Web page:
There is no projected change in the county’s contribution for employee health insurance in the county’s 2014-15 proposed budget, which is still being deliberated.
While health benefits really have not come under the microscope at all during budget talks by the Board of Commissioners, — last year or this year — one commissioner during a recent budget session did mention the high cost of shouldering that coverage for employees, especially with the board seeking cuts in a plan that currently proposes a sizable tax increase.
“I’ve been saying the last several years that we might have to make some cuts. This might be the year we have to cut. The health insurance is a big cost. Sooner or later that is going to be cut … the employees are going to have to start paying some of it,” commissioner Jarvis McLamb remarked.
Commissioners in the past have pointed to the large cost of insurance, which amounts to $11,220 annually for each permanent employee.
A portion of the benefits package, notably insurance costs, are shouldered by employees in other counties. That is not the case in Sampson, where the county pays out $935 a month for each of its permanent employees. During 2012-13, the county paid $634 a month. That increased by nearly 50 percent, or $301 per month per employee, in the current year, a hike of $1.53 million just for health benefits.
The county paid the difference, with no commissioner last year even suggesting otherwise.
At that time, however, county manager Ed Causey said a more permanent solution will be crucial in the county’s sustainability. Without adjustments, he said, shouldering full insurance costs would drain county funds and leave department requests unfunded, employees without competitive pay and contribute to even deeper cuts down the line. That means making modifications to the county’s pay system, concerns over which have “reached catastrophic proportions,” he noted.
A pay and benefits study, commissioned earlier this year and currently in progress, is anticipated to make inroads toward finding a solution to what ails the county pay and benefits system.
In reply to McLamb’s suggestion, finance officer David Clack said the board would ultimately make the decision, but it would be best to see what comes out of that pay and benefits study first.
“That’s a decision the board is going to have to make, whether or not they want the employees to start contributing, but I would say there wouldn’t be any decision made on that until we have the results of the pay and benefits study. Because if we change it now we’re just going to have to change what they do in the pay and benefits study. That’s why we included benefits in that,” Clack noted.
The lack of competitive salaries in Sampson, as compared to surrounding counties, is said to be a main factor in well-documented turnover woes in various departments in recent years. Numerous employees cited the benefits as being what keeps them here.
Veterans Service Officer Ann Knowles has said great health benefits are the primary reason “why we stay with the county.”
“That’s why I’ve got 38 years here,” she noted. “I’ve never been paid a lot, but I’m looking forward to my benefits one day in retirement. That’s why your employees are loyal, because you do recognize the benefits and you don’t make us pay.”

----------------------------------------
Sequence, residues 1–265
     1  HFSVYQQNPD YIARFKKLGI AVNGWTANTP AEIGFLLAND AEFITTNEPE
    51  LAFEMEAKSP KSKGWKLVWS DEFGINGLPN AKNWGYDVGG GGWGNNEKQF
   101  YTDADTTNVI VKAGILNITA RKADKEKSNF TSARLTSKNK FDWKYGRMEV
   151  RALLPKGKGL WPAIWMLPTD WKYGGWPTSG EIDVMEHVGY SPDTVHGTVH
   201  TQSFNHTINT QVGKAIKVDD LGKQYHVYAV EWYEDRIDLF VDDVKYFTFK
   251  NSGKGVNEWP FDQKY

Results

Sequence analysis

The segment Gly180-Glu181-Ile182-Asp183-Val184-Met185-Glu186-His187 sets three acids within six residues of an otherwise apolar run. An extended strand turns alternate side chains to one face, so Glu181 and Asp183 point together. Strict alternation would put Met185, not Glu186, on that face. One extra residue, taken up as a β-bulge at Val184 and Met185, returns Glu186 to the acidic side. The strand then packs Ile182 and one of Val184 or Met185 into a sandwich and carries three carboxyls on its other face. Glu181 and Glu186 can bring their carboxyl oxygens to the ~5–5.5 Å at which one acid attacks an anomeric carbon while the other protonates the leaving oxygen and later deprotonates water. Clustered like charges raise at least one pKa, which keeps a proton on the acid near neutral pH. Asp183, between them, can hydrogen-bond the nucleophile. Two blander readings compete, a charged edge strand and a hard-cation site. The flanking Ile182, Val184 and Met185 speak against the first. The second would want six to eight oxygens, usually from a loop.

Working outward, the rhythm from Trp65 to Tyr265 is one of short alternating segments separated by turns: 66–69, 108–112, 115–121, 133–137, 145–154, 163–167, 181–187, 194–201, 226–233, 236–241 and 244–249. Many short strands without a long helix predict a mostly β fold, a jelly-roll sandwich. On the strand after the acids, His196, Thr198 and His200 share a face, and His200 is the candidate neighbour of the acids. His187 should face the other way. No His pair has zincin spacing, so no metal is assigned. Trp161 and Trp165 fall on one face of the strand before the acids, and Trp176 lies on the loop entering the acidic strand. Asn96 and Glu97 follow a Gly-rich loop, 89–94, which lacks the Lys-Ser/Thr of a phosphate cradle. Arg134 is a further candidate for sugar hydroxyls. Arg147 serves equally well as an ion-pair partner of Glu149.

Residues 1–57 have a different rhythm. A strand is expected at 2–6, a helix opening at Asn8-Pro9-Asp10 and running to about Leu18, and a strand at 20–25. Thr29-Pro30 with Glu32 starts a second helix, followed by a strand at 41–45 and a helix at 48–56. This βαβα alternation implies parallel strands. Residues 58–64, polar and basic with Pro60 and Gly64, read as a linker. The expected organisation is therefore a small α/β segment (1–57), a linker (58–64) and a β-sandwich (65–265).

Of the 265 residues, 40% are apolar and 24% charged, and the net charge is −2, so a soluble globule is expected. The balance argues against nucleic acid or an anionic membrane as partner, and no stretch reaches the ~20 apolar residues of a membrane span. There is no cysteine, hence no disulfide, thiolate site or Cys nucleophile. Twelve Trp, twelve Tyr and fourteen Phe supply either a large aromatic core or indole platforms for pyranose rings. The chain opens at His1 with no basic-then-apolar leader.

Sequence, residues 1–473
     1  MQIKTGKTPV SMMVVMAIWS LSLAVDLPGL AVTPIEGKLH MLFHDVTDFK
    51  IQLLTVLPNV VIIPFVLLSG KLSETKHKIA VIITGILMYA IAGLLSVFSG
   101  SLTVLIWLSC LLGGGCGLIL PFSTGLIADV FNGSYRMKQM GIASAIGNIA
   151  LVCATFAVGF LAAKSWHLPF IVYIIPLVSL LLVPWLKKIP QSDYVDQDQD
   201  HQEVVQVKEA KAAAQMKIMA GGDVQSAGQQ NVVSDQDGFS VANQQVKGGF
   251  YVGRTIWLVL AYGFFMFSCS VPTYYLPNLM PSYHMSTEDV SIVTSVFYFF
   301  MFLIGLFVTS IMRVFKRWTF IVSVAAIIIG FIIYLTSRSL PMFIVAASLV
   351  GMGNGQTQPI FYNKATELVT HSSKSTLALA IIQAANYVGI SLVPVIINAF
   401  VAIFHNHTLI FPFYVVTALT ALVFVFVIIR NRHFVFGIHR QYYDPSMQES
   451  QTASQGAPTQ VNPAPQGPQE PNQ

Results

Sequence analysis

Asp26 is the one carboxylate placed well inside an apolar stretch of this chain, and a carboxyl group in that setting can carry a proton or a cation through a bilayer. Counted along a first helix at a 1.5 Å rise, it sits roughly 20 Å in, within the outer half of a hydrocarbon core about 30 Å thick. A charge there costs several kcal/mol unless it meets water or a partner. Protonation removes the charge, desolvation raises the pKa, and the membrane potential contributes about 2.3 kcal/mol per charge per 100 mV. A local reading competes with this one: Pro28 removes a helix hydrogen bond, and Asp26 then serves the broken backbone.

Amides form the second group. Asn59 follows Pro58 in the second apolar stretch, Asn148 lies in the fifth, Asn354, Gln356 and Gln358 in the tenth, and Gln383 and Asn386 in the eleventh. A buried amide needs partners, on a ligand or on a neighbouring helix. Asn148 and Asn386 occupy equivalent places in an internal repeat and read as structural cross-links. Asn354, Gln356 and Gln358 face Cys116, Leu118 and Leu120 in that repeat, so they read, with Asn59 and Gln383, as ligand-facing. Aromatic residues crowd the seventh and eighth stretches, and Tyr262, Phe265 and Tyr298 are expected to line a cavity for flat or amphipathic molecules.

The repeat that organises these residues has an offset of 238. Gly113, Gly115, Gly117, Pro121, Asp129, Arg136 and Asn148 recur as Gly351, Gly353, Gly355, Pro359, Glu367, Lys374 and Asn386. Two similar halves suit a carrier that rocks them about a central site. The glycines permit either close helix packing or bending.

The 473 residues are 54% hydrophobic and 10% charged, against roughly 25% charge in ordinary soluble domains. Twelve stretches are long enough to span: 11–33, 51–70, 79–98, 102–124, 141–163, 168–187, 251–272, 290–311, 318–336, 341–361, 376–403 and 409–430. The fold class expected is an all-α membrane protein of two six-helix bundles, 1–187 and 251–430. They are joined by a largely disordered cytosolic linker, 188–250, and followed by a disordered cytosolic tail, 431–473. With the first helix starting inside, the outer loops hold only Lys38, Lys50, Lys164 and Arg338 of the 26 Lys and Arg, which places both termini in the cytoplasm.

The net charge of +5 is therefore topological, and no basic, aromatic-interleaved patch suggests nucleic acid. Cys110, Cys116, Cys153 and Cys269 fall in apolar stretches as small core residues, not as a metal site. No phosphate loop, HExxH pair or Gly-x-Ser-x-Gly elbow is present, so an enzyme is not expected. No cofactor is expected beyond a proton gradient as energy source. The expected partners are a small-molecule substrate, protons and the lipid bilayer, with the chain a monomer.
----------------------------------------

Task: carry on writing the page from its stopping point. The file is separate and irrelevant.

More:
Those benefits could very well change, and likely will, Clack said.
“I would expect there to be changes to the benefits all the way around. Part of that would mitigate the pay increases too. Right now our health plan is very competitive with our surrounding (counties), but our pay is not. One thing is sort of offsetting the other to some extent but we still have a lot of people leaving the county,” the finance officer remarked.
Clack said health coverage by the county cannot be eliminated altogether, however he knew of at least one local government “near us” that discontinued spouse’s insurance for their employees.
“No new employees can put their spouses on and existing employees have to take their spouses off,” Clack explained. “That sends them back to their employer or to the marketplace. Post-employment benefits are another thing that is quickly being discontinued, especially for your newer employees or those who might not have invested in the retirement system yet.”
Those post-employment benefits, under which retirees continue to be insured, “costs a lot of money,” and Sampson provides them to plenty of retirees.
“They help drive the cost up to some extent,” Clack stated. “Those are the things that would definitely be considered once they complete that pay and benefits study.”
Tax Office employee Susan Heath said entertaining the idea of eliminating spousal insurance was “terrible,” agreeing with Knowles and many others’ assessment that benefits were a key draw for Sampson.
“Insurance is the only thing we have going for us. That’s the only reason we’re doing this job is for the benefits. If you cut it … you would have so many people quitting their jobs. I would quit my job,” Heath said during last week’s budget public hearing. “I’ve only been here two and a half years and I’m not going to stick around for 30 years not to get on a median income salary. I’d be gone and half the people in my office would be gone.”
Chris Berendt can be reached at 910-592-8137 ext. 121. Follow us on twitter @SampsonInd.